May 27, 2022

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Future Technology

Microsoft promises better competition in its Windows and Xbox app stores ahead of regulation

Satya Nadella, CEO of Microsoft, is making promises ahead of its biggest ever acquisition.


Asa Mathat/Vox Media

When we think of app stores, typically those for Apple’s iPhone, Google’s Android and maybe Amazon’s Fire tablets come to mind. But Microsoft said Wednesday it wants to set itself apart with a series of principles it’s publicly committing to that it says will promote competition in its app stores.

The tech giant spelled out a set of “principles,” such as privacy protections and transparent editorial standards, as well as a promise to hold its own apps to the same standards it holds against others. And it was publishing these principles in an effort to weigh in on new laws before congress in Washington DC, as well as to ease concerns about its own potentially monopolistic size amid its proposed $68.7 billion acquisition of gaming giant Activision Blizzard.

“Ultimately, we believe that this principled approach will promote a more open app market and better serve our users and creators alike,” Microsoft President Brad Smith wrote on the company’s blog Wednesday

In addition to its principles for its app stores, Microsoft promised that it will continue to offer the top-selling war simulation franchise Call of Duty, as well as other Activision Blizzard games, on competing devices like Sony’s PlayStation and Nintendo’s Switch. “We believe this is the right thing for the industry, for gamers and for our business,” Smith added.

Microsoft’s efforts come at a time of intense scrutiny from lawmakers, regulators and everyday people around the world. The tech industry sits among the largest and most powerful companies on Earth. But a string of controversies over the spread of disinformation and hate speech over the past few years have compounded already hot debates about the industry’s approach to privacy, security and other sensitive data.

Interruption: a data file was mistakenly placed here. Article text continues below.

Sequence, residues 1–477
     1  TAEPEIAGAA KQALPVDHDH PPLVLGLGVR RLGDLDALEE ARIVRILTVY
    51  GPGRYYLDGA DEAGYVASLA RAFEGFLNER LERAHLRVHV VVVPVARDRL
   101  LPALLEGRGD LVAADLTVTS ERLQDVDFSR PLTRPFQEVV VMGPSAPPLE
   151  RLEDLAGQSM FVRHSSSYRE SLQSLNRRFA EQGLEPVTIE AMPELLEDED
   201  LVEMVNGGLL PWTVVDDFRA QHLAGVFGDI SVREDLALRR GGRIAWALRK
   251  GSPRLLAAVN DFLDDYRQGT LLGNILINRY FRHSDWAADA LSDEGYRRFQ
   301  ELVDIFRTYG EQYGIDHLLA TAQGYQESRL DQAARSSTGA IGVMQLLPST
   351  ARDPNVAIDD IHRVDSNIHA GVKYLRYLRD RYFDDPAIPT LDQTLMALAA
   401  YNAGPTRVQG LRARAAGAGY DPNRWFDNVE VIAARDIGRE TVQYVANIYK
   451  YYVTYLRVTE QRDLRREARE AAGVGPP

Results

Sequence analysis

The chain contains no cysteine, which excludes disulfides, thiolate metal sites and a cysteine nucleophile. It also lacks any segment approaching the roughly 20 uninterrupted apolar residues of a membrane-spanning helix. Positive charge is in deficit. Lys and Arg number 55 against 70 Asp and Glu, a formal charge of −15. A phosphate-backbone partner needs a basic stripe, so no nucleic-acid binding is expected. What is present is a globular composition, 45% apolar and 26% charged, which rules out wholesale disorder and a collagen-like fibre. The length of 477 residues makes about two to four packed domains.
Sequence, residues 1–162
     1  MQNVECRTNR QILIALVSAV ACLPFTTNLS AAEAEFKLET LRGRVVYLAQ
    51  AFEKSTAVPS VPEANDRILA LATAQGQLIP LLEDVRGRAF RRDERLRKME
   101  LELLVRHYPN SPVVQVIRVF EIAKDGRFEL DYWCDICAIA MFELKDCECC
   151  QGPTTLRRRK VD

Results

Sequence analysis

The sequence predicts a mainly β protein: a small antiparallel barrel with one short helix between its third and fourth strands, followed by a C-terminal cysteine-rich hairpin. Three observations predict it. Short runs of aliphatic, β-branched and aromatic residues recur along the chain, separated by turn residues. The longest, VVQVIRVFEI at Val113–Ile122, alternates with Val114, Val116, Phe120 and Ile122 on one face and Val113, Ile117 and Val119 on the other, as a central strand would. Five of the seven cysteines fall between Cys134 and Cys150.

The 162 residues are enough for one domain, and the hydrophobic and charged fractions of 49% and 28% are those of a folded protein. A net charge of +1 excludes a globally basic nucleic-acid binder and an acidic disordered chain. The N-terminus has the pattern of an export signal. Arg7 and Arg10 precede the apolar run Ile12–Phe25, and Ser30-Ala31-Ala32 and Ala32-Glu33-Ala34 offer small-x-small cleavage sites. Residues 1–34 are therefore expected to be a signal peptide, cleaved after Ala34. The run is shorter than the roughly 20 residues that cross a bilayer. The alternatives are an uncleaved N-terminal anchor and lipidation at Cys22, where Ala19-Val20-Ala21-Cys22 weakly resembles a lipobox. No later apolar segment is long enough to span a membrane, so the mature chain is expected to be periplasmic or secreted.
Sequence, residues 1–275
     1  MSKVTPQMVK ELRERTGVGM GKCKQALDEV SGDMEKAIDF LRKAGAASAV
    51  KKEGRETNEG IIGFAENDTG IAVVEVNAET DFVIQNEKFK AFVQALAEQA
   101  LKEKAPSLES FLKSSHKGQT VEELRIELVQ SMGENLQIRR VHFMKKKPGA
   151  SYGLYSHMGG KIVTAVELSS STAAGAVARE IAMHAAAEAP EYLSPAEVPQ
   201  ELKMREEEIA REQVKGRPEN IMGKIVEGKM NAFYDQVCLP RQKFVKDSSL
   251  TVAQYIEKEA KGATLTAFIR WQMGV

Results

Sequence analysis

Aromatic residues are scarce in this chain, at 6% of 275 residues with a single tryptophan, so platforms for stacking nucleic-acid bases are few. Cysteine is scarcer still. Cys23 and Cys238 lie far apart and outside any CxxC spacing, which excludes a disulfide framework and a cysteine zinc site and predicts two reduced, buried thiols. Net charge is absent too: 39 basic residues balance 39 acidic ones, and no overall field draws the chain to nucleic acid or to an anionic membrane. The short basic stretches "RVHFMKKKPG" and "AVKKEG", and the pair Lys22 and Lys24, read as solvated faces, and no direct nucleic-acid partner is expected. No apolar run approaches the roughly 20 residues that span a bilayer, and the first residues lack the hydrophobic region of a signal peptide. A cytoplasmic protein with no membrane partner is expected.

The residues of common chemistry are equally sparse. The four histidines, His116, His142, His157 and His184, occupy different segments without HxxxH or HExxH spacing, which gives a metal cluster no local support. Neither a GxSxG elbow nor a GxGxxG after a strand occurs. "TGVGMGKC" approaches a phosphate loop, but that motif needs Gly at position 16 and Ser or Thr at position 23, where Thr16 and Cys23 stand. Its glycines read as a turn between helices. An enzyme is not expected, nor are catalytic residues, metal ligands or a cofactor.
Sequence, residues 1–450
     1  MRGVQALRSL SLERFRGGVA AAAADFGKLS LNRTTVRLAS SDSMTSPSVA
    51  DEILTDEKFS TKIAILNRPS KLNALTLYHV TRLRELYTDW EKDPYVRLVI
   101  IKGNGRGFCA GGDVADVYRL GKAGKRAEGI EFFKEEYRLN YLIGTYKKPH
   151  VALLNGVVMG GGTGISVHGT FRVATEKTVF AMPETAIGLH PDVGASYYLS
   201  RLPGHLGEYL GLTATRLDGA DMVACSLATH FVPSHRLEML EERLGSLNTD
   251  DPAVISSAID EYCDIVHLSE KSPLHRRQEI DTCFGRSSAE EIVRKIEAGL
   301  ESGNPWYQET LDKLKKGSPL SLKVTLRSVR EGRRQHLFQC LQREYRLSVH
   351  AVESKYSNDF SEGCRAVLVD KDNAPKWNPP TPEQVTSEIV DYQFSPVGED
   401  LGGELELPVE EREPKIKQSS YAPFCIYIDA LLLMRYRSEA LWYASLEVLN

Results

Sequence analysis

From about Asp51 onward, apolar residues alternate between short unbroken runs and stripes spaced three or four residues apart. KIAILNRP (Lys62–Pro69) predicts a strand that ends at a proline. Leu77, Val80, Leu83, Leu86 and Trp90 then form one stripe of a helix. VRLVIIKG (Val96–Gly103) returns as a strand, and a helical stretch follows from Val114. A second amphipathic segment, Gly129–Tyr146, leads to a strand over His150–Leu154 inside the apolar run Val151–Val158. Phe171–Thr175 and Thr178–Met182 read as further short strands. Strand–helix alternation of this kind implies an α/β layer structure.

Meta, Twitter, Google, Amazon and Apple have all found themselves answering questions before congressional committees considering a wide array of laws, including antitrust and advertising industry reforms, to reign in their perceived power and possibly punish their bad behavior.

Microsoft has largely stayed out of the crosshairs, despite having been declared a monopoly during a trial two decades ago. But its proposed purchase of Activision Blizzard, amid other significant investments in its Xbox video game division, has already raised some concerns.

In many ways, Microsoft’s 11-point commitment also serves as a criticism to other tech industry giants, including Apple and Google, who’ve faced harsh criticism over how they control their respective app stores. Microsoft said, for example, it will not require developers to use its payment system for in-app payments, something Apple and Google have defended, including in lawsuits with Fortnite maker Epic Games. 

Though Microsoft didn’t name Apple or Google directly, it did say its rules are written in reaction to the “friction” that exists today between developers, gamers and app stores across the web.

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